Positions & Possibilities in Volunteering for Transnational Medical Research in Lusaka
Volunteering as a study subject in transnational medical research is often understood either as a matter of individual motives or structural inequalities. Based on 12 months of fieldwork with study subjects in Lusaka this chapter by Postdoc Birgitte Bruun concludes that volunteering in transnational medical research projects in Lusaka is a pragmatic search for unspecified possibility in “something bigger” for one self and the people one cares for, including new connections and openings that might outlast time-limited projects in a wider landscape of fickle possibilities in interventions. Along the way relations, positions and futures are at stake. As such, volunteering in medical research in Lusaka is better understood with reference to the wider literature on volunteering and voluntary work as an emerging and precarious form of practice in Africa than as a matter of altruism and undue inducement in medical research ethics or of structural inequalities.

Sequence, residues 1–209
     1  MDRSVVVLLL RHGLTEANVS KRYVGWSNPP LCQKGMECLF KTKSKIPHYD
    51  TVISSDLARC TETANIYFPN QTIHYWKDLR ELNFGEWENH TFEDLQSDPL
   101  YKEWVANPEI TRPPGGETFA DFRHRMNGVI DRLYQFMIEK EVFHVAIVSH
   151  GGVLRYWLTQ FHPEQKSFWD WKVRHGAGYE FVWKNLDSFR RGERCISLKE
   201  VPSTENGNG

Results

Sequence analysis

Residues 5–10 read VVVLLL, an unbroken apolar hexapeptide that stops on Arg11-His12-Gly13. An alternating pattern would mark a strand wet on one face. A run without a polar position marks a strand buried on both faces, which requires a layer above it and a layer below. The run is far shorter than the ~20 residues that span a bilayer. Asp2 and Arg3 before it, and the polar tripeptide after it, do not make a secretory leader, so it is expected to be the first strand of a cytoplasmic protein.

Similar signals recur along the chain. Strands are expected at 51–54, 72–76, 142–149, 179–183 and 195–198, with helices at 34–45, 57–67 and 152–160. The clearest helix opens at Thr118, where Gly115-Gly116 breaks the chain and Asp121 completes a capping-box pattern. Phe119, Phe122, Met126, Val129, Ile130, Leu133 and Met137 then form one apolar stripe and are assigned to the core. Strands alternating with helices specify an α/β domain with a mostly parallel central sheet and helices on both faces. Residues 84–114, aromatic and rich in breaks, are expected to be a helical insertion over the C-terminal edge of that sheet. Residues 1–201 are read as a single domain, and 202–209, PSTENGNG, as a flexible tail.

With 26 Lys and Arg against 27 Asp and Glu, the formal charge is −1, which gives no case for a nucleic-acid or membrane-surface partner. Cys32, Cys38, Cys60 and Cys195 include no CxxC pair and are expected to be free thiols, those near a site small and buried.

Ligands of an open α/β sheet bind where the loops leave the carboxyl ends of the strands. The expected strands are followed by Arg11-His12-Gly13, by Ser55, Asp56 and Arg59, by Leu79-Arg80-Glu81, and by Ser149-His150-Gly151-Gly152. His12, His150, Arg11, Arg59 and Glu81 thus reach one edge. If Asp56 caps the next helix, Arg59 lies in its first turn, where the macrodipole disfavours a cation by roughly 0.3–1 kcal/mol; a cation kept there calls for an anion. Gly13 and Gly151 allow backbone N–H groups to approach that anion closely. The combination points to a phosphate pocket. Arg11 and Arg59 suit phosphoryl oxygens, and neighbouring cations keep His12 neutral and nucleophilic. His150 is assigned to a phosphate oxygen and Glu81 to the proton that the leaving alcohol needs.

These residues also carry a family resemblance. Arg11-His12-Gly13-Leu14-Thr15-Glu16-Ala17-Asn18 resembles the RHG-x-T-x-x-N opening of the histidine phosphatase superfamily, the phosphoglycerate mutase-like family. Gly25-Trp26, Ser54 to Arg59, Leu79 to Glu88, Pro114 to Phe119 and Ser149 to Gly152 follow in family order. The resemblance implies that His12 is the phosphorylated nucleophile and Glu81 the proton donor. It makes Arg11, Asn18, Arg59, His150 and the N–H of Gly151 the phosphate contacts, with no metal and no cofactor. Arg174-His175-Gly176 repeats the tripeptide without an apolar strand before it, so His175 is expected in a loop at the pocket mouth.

Birgitte Bruun: "Positions & Possibilities in Volunteering for Transnational Medical Research in Lusaka" in Volunteer Economies: The Politics and Ethics of Voluntary Labour in Africa. red. / Prince Ruth; Hannah Brown. James Currey, 2016